Registered users receive a variety of benefits including the ability to customize email alerts, create favorite journals list, and save searches.
Please note that a BioOne web account does not automatically grant access to full-text content. An institutional or society member subscription is required to view non-Open Access content.
Contact email@example.com with any questions.
Litter ant diversity and abundance in relation to biotic and abiotic factors were analyzed at five primary forest sites lying between 300 to 1650 meter above mean sea level in the Wayanad region of the Western Ghats in Kerala, southern India. Ant abundance and species richness peaked at mid-elevations influenced by the presence of favourable physical conditions and abundance of prey resources. Dominance of ants preferring termites and Collembola as prey at sites rich in their specific prey resources indicate the influence of local prey resource availability in determining ant distribution. Dominant species (Tapinoma sp. and Solenopsis sp.) had wider distributions, being present at all elevations. Physical factors (slope of the terrain, rainfall, moisture, humidity, temperature) and prey resource availability (insect larvae, termites, Collembola) influenced ant species abundance at a regional scale, whereas at local scales, site specific variations in the relationship between abundance of ants and prey-predators and physical factors were recorded. The present study highlights the need to consider site-specific abiotic and biotic factors while examining the distribution patterns of litter ants along altitudinal gradients in other regions of the Western Ghats, which is a recognised hot spot of biodiversity with wide regional variation in vegetation types and faunal distribution patterns.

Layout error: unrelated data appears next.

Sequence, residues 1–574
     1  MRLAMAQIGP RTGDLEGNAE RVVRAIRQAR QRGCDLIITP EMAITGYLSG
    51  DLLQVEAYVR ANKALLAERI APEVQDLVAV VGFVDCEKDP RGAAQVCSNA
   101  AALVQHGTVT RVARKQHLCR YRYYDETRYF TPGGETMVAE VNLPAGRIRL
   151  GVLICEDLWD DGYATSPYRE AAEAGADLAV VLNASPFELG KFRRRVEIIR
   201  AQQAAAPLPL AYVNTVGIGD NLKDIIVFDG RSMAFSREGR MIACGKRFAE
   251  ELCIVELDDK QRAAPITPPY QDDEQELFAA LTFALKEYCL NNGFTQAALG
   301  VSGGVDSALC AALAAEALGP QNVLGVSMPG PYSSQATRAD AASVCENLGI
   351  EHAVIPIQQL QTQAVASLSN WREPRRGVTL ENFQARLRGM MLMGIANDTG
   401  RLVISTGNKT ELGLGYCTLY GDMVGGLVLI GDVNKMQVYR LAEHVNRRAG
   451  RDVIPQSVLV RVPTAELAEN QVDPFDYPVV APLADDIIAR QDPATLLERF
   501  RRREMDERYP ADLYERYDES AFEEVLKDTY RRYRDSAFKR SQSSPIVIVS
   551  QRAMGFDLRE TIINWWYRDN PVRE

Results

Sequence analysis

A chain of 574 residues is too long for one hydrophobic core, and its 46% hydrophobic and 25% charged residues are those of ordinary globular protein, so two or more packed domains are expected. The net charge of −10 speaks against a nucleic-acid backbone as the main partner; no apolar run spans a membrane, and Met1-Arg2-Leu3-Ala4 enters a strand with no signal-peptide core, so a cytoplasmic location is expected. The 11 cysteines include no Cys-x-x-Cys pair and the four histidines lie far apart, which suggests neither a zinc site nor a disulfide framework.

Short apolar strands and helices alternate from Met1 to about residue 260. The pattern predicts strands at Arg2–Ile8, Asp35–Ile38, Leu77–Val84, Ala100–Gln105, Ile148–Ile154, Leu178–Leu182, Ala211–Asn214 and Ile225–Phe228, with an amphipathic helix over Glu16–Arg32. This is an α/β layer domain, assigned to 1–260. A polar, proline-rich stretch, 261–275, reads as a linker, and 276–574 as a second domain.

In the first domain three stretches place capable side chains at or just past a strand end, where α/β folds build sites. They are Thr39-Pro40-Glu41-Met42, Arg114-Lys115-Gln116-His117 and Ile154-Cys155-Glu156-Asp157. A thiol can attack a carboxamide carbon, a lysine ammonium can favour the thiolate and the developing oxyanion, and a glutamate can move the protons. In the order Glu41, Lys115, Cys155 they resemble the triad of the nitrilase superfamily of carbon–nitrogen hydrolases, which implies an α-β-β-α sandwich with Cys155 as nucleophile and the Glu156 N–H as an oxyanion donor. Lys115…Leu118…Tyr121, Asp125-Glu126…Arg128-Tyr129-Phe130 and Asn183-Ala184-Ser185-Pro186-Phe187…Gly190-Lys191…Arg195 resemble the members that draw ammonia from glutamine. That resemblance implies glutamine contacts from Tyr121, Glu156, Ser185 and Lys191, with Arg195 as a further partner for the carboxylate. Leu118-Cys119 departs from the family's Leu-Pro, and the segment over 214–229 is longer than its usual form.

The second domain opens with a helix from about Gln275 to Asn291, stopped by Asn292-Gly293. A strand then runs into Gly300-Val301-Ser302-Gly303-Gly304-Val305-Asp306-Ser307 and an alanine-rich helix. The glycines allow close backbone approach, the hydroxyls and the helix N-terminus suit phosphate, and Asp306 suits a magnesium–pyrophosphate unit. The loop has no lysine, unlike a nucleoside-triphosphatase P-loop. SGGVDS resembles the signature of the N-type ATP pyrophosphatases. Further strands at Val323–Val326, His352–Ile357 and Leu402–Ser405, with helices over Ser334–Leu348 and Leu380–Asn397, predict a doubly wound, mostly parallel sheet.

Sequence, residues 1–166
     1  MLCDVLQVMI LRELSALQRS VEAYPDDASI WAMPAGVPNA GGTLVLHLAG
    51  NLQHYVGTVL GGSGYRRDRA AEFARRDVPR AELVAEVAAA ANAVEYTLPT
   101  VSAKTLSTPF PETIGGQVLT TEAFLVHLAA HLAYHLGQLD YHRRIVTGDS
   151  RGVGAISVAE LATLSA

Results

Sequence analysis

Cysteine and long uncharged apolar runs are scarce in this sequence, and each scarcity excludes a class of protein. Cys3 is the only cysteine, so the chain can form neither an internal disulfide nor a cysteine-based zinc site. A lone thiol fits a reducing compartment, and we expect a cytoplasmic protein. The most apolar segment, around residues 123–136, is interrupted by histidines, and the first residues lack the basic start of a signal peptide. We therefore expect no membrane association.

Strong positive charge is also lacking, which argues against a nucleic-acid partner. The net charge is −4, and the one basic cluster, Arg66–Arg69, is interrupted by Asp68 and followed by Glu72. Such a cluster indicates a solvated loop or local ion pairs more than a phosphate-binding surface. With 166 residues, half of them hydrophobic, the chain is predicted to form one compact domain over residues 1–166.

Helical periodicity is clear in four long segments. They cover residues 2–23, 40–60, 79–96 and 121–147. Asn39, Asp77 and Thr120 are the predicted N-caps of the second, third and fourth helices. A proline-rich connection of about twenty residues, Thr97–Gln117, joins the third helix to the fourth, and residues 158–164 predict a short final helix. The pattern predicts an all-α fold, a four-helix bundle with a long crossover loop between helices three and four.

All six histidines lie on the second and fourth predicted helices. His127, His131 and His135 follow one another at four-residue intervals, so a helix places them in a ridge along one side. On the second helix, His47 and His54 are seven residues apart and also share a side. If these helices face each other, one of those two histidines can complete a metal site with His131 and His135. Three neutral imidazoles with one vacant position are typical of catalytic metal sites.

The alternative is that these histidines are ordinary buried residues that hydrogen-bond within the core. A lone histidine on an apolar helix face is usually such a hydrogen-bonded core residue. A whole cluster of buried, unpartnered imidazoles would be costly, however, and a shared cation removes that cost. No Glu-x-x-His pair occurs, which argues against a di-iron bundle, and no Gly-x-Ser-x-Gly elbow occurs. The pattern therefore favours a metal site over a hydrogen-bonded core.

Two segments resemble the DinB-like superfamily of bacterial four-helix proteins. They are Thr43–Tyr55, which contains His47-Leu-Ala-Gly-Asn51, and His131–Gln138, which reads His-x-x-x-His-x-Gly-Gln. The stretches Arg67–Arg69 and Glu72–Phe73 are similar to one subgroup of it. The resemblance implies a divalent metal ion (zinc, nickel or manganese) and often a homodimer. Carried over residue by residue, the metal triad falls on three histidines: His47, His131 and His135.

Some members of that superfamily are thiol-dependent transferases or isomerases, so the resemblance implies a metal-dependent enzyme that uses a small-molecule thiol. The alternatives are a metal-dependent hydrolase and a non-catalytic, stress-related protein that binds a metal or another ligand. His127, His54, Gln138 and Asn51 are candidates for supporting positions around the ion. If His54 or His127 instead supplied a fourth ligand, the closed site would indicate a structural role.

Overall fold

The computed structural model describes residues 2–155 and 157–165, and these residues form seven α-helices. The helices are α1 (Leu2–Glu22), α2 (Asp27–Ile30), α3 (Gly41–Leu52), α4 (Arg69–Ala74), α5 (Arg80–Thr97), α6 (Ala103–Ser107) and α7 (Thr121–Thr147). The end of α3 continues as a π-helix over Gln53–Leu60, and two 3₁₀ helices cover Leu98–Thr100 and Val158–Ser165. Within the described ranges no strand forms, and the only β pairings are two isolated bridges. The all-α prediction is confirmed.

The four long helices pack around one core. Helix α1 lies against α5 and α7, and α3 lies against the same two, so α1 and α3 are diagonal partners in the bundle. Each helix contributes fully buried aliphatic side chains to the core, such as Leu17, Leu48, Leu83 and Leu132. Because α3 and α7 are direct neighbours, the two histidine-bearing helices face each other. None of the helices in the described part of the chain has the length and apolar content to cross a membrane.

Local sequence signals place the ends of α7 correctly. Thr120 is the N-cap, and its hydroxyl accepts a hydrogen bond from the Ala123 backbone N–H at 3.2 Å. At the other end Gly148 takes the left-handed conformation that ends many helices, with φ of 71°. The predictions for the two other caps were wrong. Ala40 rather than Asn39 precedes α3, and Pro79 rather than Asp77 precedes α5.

This article is only available to subscribers. It is not available for individual sale.
Access to the requested content is limited to institutions that have
purchased or subscribe to this BioOne eBook Collection. You are receiving
this notice because your organization may not have this eBook access.*
*Shibboleth/Open Athens users-please
to access your institution's subscriptions.
Additional information about institution subscriptions can be foundhere